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How to be a good networker

Catherine's picture

As a facilitator of MBCnetworking and attendee at various groups over the years I have observed many people’s approach to networking and I share with you a few thoughts on the subject:

  • Attend with an open mind, go with the flow. Some people seem to judge an event by the number of business cards they collected. That is not my evaluation criterion; I prefer the opportunity to have a meaningful conversation which can be achieved if there are 5 or 50 people in the room. Sometimes it works better if there are only five - maybe people just relax a bit more.
  • Be friendly – you would think this would be obvious! Be friendly even to your competitors. I’ve witnessed some horror stories of people slinging some mud at their competitors (worse still dissing them in the one minute slot). Don’t go there . . .
  • As an extrovert, I have to remind myself that some powerful business people are not necessarily natural networkers, so don’t overlook those looking on from the sidelines. If you are also an extrovert be open and welcome people into your conversations. If you struggle in this environment my tip is to look for two people with a wide gap between them and slot yourself into that gap, reminding yourself that they will be greatful you've arrived.
  • Stay calm. If you spot an influential business person please don’t start fawning. I’ve seen this happen and it is awkward.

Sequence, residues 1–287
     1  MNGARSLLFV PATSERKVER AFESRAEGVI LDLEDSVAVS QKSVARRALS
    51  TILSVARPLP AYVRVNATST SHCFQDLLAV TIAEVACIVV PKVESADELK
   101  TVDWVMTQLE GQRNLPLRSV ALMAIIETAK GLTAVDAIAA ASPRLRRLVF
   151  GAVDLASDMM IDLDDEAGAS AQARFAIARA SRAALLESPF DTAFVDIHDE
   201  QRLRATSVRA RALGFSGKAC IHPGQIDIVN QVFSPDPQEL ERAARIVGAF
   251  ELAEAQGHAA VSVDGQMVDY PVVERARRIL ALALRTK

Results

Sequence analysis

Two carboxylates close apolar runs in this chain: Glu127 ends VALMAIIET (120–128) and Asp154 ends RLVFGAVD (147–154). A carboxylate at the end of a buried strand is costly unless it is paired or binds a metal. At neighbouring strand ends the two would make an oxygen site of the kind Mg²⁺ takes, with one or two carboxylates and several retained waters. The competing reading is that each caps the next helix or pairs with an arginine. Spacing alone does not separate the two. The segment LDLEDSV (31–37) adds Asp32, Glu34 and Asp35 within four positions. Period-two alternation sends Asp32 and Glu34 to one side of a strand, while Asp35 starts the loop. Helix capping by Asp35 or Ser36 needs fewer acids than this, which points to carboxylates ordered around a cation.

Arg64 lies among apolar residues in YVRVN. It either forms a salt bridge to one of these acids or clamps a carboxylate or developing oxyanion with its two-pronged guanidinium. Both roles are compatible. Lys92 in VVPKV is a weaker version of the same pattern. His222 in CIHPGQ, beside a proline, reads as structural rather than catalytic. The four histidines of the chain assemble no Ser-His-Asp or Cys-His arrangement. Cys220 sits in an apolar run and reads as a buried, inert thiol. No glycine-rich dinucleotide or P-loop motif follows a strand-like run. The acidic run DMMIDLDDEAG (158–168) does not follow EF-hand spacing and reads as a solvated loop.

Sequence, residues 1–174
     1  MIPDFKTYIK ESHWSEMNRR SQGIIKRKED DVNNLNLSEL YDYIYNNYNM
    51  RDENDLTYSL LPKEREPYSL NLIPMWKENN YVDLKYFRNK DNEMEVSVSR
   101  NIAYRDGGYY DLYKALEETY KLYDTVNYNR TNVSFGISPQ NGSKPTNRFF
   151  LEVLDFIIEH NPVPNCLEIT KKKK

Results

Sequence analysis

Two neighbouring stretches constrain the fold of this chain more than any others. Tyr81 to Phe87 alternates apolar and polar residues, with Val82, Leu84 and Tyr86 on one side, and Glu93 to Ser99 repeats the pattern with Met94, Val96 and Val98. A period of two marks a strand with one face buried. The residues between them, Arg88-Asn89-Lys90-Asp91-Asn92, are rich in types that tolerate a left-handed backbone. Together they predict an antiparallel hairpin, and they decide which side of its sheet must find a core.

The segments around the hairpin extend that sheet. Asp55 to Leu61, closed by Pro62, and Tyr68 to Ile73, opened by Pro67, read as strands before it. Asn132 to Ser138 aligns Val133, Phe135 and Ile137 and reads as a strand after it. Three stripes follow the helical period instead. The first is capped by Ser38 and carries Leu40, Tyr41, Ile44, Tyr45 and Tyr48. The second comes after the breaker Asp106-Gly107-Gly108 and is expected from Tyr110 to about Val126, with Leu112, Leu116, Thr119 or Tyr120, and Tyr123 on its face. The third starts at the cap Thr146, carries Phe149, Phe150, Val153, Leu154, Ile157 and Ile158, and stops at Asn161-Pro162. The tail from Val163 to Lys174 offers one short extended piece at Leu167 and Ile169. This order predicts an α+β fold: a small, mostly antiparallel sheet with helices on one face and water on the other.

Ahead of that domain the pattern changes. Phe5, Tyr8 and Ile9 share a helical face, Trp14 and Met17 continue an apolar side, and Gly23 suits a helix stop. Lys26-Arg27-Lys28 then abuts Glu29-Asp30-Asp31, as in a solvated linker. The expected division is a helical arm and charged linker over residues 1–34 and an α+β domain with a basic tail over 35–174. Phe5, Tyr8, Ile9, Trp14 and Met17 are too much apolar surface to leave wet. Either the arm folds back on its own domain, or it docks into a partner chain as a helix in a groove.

• Allow yourself or others to move on. Some people will monopolise you so be kind to yourself, and to them, and move them on to someone else or request permission to continue networking in the room. And don't take it personally if others want to circulate.
  • Judge whether to hand out your business card. Consider what you do with business cards when you receive them. I'm guessing you add them to an email marketing list unless the exchange of cards was made with a particular purpose in mind.

The last two points are my personal favourite and I single them out as a gentle reminder that your network of contacts is not just a place to push your own wares.

  • Introduce people within and across your networks – be the real-life face-to-face version of LinkedIn and Facebook whenever you can. You are part of a community.
  • Contribute to this community and help others in your group. There are so many ways that businesses can support each other, what do you do?